Hunters along the coast can also take advantage of fall equinox tides that typically arrive in September, according to TPW biologist Todd Merendino in Bay City. “We’re holding some fresh water on Peach Point (Wildlife Management Area) and prospects for big ducks at Mad Island WMA during the general season are looking pretty good. Overall, once the equinox tides start coming in, we should have a pretty good season.”

In addition to the above-mentioned sites, almost 50 other units of public hunting lands covering more than 500,000 acres are available during the September teal season. A $40 Annual Public Hunting Permit is required. These permits are available wherever hunting licenses are sold. A map booklet and dove supplement detailing location and hunting restrictions on public lands will be issued upon purchase of the annual hunting permit from a TPW office or mailed within two weeks if the permit is bought at a retail license outlet.

Teal hunters are also reminded that a $7 special Texas Waterfowl Stamp and a $15 Federal Duck Stamp are required to hunt teal. In addition, certification in the Harvest Information Program is mandatory in order to hunt any migratory game bird in Texas. HIP certification is free of charge and is completed at the time of hunting license purchase. Hunters are asked a few simple questions about their migratory bird hunting activity last season and about their plans for hunting doves, ducks, geese and sandhill cranes this year.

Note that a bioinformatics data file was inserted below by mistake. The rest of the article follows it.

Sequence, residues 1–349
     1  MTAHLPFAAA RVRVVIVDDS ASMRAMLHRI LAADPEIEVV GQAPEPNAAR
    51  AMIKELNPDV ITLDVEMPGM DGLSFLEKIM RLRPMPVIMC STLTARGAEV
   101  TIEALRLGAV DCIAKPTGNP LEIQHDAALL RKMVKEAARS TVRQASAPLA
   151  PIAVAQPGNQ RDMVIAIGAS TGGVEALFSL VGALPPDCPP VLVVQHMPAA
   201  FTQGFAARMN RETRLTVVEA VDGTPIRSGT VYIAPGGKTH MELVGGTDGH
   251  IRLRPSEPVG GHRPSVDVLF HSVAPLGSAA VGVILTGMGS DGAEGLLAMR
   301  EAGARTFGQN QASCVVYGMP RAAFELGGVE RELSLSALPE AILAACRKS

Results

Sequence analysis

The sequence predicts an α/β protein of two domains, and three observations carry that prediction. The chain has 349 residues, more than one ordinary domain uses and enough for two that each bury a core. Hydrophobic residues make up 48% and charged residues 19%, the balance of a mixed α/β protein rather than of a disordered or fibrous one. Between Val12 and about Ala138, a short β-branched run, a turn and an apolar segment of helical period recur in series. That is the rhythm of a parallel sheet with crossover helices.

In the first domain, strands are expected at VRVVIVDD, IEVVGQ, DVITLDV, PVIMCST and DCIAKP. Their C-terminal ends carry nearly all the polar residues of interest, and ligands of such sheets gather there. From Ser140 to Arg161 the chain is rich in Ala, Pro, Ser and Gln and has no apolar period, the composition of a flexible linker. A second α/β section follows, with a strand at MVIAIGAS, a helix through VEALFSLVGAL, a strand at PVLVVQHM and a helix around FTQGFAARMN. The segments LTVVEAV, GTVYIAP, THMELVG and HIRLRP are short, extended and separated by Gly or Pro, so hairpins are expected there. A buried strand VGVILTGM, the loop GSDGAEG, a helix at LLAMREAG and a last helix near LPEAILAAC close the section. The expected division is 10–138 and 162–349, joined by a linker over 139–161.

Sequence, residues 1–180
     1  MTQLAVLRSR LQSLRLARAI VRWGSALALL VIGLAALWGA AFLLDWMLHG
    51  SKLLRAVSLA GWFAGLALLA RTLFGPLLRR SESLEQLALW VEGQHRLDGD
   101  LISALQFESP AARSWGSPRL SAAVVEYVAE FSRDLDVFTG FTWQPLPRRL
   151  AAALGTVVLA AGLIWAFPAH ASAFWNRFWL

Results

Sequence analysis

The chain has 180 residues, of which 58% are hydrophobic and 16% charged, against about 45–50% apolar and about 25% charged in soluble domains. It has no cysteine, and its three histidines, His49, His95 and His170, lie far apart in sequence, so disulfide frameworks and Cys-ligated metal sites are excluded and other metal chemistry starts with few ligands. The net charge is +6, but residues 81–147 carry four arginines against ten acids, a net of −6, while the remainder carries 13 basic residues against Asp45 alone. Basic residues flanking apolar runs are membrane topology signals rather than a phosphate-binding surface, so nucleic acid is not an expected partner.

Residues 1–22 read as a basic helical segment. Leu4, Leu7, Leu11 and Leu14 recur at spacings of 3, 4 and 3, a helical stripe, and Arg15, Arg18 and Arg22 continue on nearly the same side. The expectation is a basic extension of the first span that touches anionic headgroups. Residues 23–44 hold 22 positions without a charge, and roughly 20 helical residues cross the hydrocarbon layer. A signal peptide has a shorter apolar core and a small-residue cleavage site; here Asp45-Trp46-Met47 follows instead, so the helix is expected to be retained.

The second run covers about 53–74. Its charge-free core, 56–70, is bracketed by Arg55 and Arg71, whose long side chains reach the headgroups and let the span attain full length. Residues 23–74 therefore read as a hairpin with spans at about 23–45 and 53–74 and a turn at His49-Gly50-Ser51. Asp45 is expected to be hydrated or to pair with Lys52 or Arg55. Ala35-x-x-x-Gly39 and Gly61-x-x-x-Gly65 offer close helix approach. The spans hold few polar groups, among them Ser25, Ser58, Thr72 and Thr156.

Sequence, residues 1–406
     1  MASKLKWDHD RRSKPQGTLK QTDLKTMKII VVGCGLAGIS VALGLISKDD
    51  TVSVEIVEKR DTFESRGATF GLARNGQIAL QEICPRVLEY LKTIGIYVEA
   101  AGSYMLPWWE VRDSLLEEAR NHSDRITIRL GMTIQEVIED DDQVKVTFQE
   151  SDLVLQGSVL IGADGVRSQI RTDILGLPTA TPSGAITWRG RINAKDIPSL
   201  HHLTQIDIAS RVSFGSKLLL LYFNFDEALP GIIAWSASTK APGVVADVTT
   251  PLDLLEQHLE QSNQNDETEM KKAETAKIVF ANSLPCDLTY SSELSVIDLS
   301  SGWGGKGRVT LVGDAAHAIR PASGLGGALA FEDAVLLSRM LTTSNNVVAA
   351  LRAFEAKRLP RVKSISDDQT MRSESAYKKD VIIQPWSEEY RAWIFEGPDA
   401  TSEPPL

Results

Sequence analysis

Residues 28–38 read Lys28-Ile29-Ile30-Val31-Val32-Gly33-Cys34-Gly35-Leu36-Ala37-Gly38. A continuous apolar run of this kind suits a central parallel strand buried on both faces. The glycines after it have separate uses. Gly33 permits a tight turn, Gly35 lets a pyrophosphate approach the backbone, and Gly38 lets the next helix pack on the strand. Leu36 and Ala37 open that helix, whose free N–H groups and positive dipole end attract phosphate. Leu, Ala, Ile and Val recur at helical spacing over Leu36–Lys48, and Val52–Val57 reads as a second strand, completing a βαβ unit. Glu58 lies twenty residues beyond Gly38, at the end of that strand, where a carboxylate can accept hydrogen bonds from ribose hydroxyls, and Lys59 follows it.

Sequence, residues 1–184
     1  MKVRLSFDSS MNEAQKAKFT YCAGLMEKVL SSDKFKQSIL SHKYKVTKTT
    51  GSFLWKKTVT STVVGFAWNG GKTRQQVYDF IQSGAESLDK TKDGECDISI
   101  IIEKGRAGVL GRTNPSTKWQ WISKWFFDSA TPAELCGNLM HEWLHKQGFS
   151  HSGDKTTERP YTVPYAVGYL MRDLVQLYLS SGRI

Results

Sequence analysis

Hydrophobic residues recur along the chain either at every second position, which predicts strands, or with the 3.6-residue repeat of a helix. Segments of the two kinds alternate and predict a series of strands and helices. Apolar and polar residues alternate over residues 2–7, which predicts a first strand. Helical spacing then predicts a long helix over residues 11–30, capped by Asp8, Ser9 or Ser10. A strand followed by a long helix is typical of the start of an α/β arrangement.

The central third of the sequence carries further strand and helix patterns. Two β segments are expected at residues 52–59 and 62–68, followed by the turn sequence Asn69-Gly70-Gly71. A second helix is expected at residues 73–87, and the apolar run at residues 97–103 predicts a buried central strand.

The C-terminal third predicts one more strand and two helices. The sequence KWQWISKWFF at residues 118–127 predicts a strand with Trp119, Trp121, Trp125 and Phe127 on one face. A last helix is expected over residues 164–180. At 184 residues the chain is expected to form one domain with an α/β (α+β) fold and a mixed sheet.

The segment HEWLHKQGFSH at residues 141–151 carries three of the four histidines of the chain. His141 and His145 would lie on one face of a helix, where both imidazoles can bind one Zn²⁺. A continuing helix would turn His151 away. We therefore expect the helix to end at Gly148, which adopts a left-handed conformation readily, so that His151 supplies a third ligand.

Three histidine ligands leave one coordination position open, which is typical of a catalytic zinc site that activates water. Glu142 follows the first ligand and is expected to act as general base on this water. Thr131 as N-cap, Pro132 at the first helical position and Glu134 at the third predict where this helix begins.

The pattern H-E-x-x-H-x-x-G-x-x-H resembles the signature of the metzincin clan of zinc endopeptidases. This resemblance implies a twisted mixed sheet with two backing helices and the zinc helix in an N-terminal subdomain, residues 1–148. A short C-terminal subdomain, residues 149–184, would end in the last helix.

Before the early teal season ends, I intend to take advantage of the brief season to test my shooting skills at hitting the speedy blue-wings.

I’ll have to hurry to make a hunt, and I may have to speed up my shotgun swing to have a chance at a tasty duck dinner.

Delinquent parents risk seizure of Federal tax rebate checks

Q: I heard that the Attorney General’s office can seize federal tax rebate checks from parents who are not making child support payments. How does this work?

A: The Federal Tax Refund Offset Program allows the Office of the Attorney General to seize tax refund and rebate checks from parents who are behind on their court-ordered child support payments. If you are working with the Office of the Attorney General on child support payments, my office will submit your case for IRS offset according to federally specified criteria. If the parent who owes child support is due a refund, the amount of past due payments is taken out of the refund check and sent to the Attorney General’s child support division. In Temporary Assistance to Needy Family (TANF) cases, the State keeps the money to help pay for TANF payments.